HOW TO PROPAGATE COWSLIPS AND PRIMROSES
These elegant native wildflowers are slowly disappearing from the English countryside and although it's illegal to collect plant from the wild it is legal to collect their seed for use in propagation. If you have access to plants from cultivated stock them you can also propagate from them by division after they have finished flowering in the autumn.
PROPAGATION BY SEED
Once you have your seed, rather than use a standard seed tray try to use a deeper container, something around 4 inches deep as this will help prevent your compost mix from drying out. This is important as low moisture level can reduce primula seed viability. Take a good seed compost like John Innes seed and potting and mix in a quarter of its volume of vermiculite - although some people advocate a completely soilless seed compost for better results. Fill the container to within an inch of its top then give it a light watering. Next, finely spray the surface with a copper fungicide such as cheshunt compound.
Sow the seed thinly and evenly, and leave uncovered. In fact the seeds from most primula varieties should never be covered with any depth of soil as they will need the light as a trigger for germination. Slowly immerse the container till the surface is wet, but do not allow water to seep over the edge of the container. Then, when you lift the container from the water the seed should be sitting tight against the soil. If you are feeling cautious spray the surface again with the copper compound. Now place the whole container inside a clear plastic bag and secure it closed with a loose knot or plastic-covered wire. This will then make additional watering unnecessary until after the seeds have germinated. Although this may well seem to be an odd technique, this is also done to prevent the compost from drying out reducing the failure of germination.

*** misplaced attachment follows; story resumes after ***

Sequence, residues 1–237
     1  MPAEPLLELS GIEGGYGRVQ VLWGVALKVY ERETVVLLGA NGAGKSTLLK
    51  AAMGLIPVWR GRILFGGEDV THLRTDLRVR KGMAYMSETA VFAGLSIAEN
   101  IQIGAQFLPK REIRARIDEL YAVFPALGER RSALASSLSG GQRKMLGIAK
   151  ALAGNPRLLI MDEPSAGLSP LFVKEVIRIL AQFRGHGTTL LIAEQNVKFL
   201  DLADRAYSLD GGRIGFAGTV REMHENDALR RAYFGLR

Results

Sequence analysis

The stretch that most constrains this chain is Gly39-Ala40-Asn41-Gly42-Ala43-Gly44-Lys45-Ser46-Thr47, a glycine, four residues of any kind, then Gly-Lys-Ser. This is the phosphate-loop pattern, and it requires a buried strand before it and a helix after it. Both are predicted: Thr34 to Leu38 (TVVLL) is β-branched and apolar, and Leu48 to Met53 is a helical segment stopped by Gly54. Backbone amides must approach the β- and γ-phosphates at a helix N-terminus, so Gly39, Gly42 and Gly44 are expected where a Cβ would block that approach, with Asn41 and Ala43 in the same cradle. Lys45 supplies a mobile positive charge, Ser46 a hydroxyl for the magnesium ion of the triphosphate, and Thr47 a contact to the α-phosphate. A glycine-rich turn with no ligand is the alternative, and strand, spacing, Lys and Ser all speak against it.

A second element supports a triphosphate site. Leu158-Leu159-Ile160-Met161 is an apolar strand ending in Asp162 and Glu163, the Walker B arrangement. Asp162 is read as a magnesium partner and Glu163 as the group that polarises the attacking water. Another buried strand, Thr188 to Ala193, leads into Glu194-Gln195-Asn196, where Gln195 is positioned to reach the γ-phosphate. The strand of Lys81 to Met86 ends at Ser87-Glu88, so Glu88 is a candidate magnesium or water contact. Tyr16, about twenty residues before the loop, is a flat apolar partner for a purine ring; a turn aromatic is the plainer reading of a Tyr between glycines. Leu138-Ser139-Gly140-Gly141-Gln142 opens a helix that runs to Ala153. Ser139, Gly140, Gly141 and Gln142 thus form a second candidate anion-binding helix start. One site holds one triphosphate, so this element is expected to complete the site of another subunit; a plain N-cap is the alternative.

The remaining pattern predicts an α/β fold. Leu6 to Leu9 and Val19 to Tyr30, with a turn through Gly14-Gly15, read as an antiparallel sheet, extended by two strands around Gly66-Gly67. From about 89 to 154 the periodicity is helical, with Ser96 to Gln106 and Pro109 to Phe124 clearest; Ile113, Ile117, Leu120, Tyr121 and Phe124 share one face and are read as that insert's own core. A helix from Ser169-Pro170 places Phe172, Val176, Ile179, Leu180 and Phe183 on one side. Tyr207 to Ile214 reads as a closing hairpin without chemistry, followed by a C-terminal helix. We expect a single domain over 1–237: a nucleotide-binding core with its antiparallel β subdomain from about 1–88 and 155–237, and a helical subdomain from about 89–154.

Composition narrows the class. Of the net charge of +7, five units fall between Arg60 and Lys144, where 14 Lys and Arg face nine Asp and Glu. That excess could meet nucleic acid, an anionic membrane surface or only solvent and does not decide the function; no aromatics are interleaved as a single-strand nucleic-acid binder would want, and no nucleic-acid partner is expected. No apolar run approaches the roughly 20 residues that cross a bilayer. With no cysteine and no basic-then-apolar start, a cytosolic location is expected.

Once the first set of true leaves have developed the plants can be transplanted out into a good quality, free draining multi-purpose compost - again you may need to add vermiculite as a quarter of your mix. Keep them well-watered and in partial shade till they are ready to plant out into the garden. Keep an eye out for aphids.
For related articles click onto the following links:
BULLEY'S PRIMROSE - Primula bulleyana
HOW TO GROW AURICULAS FROM SEED
HOW TO GROW NATIVE WILD PRIMROSES AND POLYANTHUS FROM SEED
OLD ENGLISH PLANTS - Polyanthus ‘Gold Lace’
POLYANTHUS 'GOLD LACE'
PRIMROSE AND COWSLIP PESTS AND DISEASES
THE ORCHID PRIMULA - Primula vialii